FRIDAY, May 1 (HealthDay News) -- U.S. health officials are warning consumers to stay away from Hydroxycut dietary supplement products marketed under the Iovate and MuscleTech brand names because of reports of liver problems resulting in at least one death -- an otherwise healthy 19-year-old male.
The manufacturer of the products, sold as fat burners and energy-boosters, is voluntarily recalling 14 products from the market.
"Consumers are advised to discontinue use of Hydroxycut products and consult a physician or health care professional if they are experiencing any symptoms of liver injury, which can include jaundice and brown urine, nausea, vomiting as well as unusual tiredness, unexplained itching and loss of appetite," said Dr. Linda Katz, interim chief medical officer at the Center for Food Safety and Applied Nutrition (CFSAN), part of the U.S. Food and Drug Administration (FDA), at a Friday news conference.
"Although liver damage appears to be rare, FDA feels consumers should not be exposed to unnecessary risk," Katz added.
The agency has received 23 reports of adverse liver effects including jaundice and liver damage severe enough to require organ transplant. Other individuals have experienced seizures, cardiovascular and other health problems. The medical literature also contains reports of liver issues in six patients taking Hydroxycut products.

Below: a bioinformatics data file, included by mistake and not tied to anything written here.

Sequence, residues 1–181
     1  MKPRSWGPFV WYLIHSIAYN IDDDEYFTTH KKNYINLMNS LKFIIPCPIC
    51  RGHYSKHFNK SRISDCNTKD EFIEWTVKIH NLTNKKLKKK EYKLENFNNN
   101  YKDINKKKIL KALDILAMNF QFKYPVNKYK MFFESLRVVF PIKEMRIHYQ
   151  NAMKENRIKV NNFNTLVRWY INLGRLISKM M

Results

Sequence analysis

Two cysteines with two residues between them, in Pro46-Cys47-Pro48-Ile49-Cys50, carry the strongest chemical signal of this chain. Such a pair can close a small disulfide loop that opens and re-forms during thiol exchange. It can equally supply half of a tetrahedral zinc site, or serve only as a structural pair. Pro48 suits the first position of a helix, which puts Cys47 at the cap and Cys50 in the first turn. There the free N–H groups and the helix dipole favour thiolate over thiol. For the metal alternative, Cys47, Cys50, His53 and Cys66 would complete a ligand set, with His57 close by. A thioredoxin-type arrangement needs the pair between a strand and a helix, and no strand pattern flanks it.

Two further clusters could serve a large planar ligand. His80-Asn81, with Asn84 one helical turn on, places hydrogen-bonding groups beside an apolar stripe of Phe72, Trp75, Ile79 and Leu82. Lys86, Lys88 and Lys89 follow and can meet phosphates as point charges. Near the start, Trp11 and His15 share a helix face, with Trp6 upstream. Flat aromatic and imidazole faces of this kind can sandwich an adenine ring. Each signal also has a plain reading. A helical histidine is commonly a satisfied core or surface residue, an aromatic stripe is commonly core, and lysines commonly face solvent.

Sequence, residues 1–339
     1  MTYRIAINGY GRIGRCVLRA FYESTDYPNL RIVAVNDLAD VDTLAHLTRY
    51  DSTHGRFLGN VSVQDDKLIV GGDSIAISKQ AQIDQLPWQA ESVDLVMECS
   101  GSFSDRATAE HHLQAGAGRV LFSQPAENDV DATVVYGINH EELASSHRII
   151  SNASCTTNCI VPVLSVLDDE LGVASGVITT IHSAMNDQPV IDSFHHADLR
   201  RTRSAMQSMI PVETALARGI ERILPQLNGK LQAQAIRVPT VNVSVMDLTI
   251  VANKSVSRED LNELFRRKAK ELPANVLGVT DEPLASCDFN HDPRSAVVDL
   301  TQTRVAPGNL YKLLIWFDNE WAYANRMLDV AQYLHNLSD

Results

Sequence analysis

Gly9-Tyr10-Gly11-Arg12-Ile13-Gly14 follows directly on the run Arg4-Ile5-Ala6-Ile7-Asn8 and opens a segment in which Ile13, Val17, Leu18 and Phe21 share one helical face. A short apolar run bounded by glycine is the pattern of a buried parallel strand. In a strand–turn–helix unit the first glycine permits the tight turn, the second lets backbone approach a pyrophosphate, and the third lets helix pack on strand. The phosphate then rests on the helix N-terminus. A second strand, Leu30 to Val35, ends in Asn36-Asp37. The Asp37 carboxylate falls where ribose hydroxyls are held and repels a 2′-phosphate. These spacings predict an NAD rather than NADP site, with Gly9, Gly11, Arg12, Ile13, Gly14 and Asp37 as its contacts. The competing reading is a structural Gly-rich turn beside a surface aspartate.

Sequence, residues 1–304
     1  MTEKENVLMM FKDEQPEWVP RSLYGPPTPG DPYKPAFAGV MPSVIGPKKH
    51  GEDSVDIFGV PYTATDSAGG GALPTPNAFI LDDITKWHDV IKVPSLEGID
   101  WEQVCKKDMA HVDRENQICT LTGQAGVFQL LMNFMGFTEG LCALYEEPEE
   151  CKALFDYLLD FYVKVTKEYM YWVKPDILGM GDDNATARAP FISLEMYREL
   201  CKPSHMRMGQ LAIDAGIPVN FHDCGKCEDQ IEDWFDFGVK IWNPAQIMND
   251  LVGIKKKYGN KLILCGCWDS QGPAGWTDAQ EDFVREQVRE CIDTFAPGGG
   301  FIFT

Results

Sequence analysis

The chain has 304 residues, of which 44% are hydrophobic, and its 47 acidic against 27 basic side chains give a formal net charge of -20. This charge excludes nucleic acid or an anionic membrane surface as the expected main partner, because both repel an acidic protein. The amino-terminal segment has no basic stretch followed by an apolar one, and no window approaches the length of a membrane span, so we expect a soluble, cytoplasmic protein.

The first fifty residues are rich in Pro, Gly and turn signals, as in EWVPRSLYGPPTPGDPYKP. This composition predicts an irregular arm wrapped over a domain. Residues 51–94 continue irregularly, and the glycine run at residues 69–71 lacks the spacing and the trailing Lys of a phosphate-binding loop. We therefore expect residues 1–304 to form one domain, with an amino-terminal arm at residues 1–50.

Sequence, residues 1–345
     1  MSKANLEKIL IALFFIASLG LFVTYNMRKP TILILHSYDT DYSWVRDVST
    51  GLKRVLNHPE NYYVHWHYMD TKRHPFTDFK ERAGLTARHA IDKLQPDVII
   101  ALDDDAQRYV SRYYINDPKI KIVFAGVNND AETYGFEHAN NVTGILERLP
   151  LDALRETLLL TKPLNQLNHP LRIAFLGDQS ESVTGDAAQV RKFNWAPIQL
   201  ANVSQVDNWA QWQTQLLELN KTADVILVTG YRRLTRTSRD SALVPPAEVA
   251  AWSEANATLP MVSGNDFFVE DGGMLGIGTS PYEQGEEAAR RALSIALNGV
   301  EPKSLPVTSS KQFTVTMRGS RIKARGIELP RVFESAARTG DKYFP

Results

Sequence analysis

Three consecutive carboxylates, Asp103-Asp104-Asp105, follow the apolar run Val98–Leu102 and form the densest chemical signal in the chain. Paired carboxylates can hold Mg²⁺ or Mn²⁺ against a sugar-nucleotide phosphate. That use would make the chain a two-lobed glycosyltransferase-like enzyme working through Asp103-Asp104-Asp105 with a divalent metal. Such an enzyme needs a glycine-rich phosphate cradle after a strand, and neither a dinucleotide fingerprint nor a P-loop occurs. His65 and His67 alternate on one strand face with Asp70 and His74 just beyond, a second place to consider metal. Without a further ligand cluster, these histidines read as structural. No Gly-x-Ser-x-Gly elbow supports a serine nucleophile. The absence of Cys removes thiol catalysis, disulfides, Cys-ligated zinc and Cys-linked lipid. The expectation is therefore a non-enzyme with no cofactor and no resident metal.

Authorities do not yet know which ingredients are specifically associated with the problems.
The products being recalled are:
Iovate Health Sciences of Oakville, Ontario, Canada has agreed to recall all the products. The company reports that more than 9 million units of Hydroxycut products were sold in 2008 in health food stores, grocery stores and pharmacies.
"They are widespread," said Vasilios Frankos, division director of the Office of Dietary Supplement Programs, CFSAN, FDA.
Hydroxycut Cleanse and Hoodia products are not being recalled as they have no overlapping ingredients with the 14 other products.
For more on Hydroxycut products, visit the FDA.
SOURCES: May 1, 2009 teleconference with Linda Katz, M.D., interim chief medical officer, Center for Food Safety and Applied Nutrition (CFSAN), FDA, and Vasilios Frankos, Ph.D., division director, Office of Dietary Supplement Programs, CFSAN, FDA